On the iPad, I’ve tried indexcard (which integrates with scrivener, sort of), but ultimately my brain has problem with organizing things in rows. What I would love to be able to do is to be able to make virtual piles of cards that represented chapters, and you can in indexcard, except they don’t translate back when you import into scrivener.
There are plenty of other outlining tools for the iPad, but all of them come at a price, and it seems like none of them integrate with any of my desktop apps. In this regard, I think I have to just wait it out for the iPad version of scrivener (I forgot to mention before, one of the many features of scrivener is a built in outline mode).
Web based writing tools
Two candidates to toss into this list, right off the bat. First up is 750words, which is just what the name suggests. The idea is that writing just 750 words a day will help give your brain a boost, and they do all kinds of competitive tracking and scoring and what not to let you know how you fare against other members over the course of a month. Nice idea, too bad real life doesn’t let me write that consistently.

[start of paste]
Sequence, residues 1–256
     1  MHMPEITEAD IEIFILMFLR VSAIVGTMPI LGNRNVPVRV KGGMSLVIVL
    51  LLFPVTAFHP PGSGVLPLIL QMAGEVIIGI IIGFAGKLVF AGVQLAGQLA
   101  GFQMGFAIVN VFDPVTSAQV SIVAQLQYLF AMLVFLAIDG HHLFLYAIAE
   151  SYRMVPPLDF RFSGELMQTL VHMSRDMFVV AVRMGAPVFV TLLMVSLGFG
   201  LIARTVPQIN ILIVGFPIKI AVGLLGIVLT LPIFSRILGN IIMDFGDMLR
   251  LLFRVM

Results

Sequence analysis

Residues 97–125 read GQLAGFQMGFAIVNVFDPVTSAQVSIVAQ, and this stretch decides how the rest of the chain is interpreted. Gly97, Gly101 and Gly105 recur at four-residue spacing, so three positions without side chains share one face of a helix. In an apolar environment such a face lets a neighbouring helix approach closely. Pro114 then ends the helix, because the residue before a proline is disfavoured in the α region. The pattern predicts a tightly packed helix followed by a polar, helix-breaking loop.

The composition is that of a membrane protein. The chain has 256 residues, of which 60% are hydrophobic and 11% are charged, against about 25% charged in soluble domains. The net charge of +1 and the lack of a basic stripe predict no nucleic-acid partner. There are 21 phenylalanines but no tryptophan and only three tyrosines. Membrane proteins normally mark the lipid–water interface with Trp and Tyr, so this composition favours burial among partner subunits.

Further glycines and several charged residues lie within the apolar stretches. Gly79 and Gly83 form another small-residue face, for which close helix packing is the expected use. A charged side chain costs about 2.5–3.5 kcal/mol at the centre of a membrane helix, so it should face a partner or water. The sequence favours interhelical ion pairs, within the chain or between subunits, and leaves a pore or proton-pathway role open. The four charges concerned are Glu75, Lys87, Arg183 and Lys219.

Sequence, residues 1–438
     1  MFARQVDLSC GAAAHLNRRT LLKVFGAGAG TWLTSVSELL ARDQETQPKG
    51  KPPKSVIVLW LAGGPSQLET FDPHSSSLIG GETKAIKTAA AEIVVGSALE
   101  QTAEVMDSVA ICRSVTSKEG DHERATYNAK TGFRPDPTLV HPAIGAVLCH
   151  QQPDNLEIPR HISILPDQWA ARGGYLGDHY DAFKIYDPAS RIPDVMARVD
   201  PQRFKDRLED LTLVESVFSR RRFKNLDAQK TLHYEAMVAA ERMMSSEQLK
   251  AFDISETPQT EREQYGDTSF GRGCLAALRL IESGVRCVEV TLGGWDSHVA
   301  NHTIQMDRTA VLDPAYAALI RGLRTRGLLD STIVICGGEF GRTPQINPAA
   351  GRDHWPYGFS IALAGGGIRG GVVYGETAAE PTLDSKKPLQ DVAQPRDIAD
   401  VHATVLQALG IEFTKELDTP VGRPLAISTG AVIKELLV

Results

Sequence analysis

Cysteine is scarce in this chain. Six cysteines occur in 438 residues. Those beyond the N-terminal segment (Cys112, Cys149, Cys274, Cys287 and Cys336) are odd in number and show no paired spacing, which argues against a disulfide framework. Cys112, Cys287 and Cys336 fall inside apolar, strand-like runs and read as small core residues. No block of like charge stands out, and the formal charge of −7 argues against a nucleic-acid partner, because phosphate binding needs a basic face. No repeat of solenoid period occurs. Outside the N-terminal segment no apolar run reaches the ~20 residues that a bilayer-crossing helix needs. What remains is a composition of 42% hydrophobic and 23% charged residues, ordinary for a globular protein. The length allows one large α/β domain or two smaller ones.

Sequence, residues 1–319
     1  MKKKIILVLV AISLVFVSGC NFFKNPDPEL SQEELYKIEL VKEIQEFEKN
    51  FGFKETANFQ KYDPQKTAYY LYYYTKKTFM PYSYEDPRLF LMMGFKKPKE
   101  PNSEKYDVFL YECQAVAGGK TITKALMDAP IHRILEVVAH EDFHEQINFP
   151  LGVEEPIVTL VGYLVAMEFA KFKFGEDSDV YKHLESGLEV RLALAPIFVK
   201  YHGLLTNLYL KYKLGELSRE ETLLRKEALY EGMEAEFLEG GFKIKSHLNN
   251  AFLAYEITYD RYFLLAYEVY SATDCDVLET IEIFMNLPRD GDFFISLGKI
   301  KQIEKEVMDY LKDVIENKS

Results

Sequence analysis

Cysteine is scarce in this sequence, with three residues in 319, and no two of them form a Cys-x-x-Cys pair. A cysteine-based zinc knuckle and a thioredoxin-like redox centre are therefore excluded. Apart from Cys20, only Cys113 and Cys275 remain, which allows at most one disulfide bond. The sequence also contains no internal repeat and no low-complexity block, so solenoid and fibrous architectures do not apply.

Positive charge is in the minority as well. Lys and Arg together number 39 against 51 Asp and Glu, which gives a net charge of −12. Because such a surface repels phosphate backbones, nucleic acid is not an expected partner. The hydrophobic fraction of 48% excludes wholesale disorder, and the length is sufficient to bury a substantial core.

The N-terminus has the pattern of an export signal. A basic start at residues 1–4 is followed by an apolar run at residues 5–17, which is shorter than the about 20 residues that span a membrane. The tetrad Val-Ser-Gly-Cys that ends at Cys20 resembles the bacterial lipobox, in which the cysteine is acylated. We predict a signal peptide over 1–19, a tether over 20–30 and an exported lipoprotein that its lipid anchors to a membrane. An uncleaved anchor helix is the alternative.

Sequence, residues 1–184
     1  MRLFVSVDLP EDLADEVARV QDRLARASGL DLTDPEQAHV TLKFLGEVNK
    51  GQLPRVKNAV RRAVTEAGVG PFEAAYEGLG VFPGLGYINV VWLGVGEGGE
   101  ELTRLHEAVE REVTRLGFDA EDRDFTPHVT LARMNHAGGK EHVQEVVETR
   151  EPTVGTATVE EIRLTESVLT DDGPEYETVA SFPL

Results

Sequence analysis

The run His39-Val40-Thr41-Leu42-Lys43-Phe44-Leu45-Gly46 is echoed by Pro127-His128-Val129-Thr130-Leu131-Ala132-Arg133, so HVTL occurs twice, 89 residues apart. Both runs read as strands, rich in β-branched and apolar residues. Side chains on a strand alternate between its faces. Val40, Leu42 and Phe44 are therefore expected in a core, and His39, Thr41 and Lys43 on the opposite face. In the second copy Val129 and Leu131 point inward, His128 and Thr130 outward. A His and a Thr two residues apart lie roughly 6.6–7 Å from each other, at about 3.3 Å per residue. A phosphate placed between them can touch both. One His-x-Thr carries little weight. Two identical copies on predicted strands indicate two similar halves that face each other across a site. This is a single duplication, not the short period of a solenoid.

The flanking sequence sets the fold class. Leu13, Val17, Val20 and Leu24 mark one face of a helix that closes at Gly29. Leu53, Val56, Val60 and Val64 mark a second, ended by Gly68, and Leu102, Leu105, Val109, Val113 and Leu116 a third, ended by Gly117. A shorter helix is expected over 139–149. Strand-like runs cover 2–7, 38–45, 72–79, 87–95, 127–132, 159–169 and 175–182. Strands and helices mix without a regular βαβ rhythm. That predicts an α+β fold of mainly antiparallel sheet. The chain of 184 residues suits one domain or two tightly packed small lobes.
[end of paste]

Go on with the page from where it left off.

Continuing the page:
The other big mention here is yarny, which in a lot of ways reminds me of a web based scrivener. Of course, to use it mobile you need to pay for the app, and I think there are other paid add ons, but all in all this was an impressive offering.
A runner up that I only recently became aware of (as in the last few days) is hiveword, which looks to be a lot like yarny. I know I didn’t mention other services, like google docs, and I’m sticking with that for now.
The Ultimate Tool of Procrastination
Its worth mentioning, but there is one tool I have found that appears to be platform independent, contributes randomly to a work in progress, and is unique:
(I have three editions!)
And there you go, the tools I tend to flip flop around. Hopefully before this spring scrivener will be on the iPad, and the magic will be wondrous. Of course, at that point, any failed writing is me, and not the tools. Won’t that be a cold, harsh reality to deal with?
- A Good Word Processor for Writers Should Do 3 Things Really Well (jamierubin.net)
- How To Make The Most Of Scrivener For Your Manuscript (michaeljholley.com)
- Writing Apps (vampisthenewblack.wordpress.com)
- Pacing with yWriter (hariragat.blogspot.com)